Attaining the information described above should be a goal of the training process of all trainees in pediatric gastroenterology and nutrition. Because some of the immunologic disorders described are relatively uncommon, training programs should be based in departments in which a full range of pediatric subspecialists manage the treatment of a large population of referred patients.

A basic understanding of the pathophysiology of these disorders must be attained primarily through didactic and other teaching sessions and independent reading. These topics should be included in the core curriculum. During the 3 years of training, the trainee should understand issues associated with the long-term management of some of these disorders, including problems encountered in dietary management of celiac disease and anti-inflammatory therapies in patients with autoimmune disease. The trainee should be supervised in the management of these disorders by experienced pediatric gastroenterology faculty physicians and gain increased autonomy through the course of their training experience.

Back to Top | Article Outline
Assessment of Competence

The training director should certify basic and clinical competence in the management of gastrointestinal infections and immunologic disorders of the gastrointestinal tract. The knowledge and competence of each trainee should be assessed by the program director or designee as a result of direct observation of the trainee during ward rounds and outpatient clinics and while giving didactic presentations. No specific examination or other instrument of assessment is required for this portion of training.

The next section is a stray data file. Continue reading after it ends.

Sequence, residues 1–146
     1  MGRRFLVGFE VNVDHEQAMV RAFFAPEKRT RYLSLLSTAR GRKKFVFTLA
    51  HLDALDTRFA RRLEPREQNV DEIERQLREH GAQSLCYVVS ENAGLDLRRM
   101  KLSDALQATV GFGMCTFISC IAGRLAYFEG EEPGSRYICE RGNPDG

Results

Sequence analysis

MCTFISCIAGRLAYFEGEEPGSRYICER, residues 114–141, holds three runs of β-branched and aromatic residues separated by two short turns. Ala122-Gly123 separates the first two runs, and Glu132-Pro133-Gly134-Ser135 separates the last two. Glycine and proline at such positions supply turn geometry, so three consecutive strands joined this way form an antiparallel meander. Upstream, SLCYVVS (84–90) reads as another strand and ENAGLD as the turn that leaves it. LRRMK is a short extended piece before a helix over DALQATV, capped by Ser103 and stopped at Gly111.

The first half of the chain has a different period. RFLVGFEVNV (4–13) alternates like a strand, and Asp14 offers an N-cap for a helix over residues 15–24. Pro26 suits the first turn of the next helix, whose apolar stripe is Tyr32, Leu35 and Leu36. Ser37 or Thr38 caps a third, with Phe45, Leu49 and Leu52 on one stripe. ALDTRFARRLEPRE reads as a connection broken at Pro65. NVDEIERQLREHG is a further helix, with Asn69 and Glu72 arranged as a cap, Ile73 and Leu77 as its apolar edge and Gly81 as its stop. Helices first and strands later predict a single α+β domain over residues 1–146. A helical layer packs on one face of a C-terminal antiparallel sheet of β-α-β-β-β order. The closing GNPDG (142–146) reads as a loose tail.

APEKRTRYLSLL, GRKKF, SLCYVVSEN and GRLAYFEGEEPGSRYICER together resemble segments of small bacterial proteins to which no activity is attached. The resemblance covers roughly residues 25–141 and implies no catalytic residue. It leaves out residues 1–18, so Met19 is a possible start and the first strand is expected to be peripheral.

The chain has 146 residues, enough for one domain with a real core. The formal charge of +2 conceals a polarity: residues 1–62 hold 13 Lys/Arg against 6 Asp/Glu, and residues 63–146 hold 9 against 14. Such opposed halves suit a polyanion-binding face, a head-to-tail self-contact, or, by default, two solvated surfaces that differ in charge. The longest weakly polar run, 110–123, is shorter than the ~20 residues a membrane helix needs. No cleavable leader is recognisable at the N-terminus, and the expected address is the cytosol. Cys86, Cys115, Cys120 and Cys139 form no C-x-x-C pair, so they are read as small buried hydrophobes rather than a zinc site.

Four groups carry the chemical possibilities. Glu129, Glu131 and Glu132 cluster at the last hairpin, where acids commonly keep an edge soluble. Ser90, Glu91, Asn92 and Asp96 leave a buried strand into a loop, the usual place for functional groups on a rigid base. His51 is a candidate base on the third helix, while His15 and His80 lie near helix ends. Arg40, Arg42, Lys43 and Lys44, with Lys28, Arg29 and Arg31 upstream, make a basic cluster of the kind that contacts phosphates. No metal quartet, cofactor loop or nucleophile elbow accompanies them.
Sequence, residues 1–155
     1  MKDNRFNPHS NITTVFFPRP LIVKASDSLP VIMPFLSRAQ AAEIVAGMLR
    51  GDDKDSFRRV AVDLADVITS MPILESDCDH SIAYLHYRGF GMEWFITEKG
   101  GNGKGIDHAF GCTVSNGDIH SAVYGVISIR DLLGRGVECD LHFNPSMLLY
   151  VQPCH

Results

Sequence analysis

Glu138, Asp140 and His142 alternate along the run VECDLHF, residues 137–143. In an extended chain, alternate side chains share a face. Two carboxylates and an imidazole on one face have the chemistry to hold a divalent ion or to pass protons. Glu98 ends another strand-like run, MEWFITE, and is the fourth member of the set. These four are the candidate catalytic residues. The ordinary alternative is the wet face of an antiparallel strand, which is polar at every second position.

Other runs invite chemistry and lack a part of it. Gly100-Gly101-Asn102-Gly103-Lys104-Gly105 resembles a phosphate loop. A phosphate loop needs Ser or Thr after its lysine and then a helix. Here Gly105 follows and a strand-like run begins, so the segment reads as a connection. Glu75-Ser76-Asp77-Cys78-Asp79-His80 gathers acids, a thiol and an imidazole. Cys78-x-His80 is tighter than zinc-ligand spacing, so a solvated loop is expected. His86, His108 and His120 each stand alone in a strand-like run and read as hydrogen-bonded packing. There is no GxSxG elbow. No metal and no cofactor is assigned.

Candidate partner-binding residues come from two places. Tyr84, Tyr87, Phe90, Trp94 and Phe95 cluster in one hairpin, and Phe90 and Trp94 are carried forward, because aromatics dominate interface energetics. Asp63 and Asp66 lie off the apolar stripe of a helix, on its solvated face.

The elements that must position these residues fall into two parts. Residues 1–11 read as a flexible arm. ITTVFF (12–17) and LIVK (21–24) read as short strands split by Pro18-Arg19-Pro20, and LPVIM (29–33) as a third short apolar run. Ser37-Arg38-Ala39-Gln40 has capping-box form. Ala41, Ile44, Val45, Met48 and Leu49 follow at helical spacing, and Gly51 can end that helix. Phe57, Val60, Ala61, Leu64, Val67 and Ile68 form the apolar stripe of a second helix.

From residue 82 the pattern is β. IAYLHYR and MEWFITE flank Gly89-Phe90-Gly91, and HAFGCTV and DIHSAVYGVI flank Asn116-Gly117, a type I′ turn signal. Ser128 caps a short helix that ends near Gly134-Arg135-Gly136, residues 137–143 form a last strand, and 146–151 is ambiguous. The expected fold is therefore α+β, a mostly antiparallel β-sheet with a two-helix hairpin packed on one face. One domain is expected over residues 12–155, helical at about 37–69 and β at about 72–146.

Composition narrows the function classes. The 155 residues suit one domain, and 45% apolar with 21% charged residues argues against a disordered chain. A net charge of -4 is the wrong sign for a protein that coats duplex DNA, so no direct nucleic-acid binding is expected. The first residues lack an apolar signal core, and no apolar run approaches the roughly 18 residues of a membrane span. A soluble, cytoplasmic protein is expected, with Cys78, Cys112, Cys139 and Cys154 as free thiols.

Back to Top | Article Outline

TRAINING IN PANCREATIC DISEASE

Importance

Pancreatic disorders are uncommon in children and are a challenge for the pediatric gastroenterologist. Pancreatic disorders are complex diseases that are diagnosed using a wide assortment of methods and are managed differently in various treatment centers. The clinical manifestations and the impact of pancreatic disorders on digestive, nutritional, and growth functions are highly dependent on the developmental stage so that a thorough knowledge of general pediatrics is required to manage treatment in this patient population. Treatment options include nutritional and pharmacologic therapies, radiologic and endoscopic assessments, and endoscopic and surgical interventions. Therefore, a broad base of knowledge is required for the fully trained pediatric gastroenterologist, who is commonly the primary consultant or direct caregiver for these patients, to manage pancreatic disease.

Two levels of training are recommended. Level 1 trainees should understand how to diagnose pancreatic disease in most patients. Level 2 trainees should achieve competence in performing diagnostic and therapeutic procedures that are essential for evaluating and managing complex pancreatic diseases.

Back to Top | Article Outline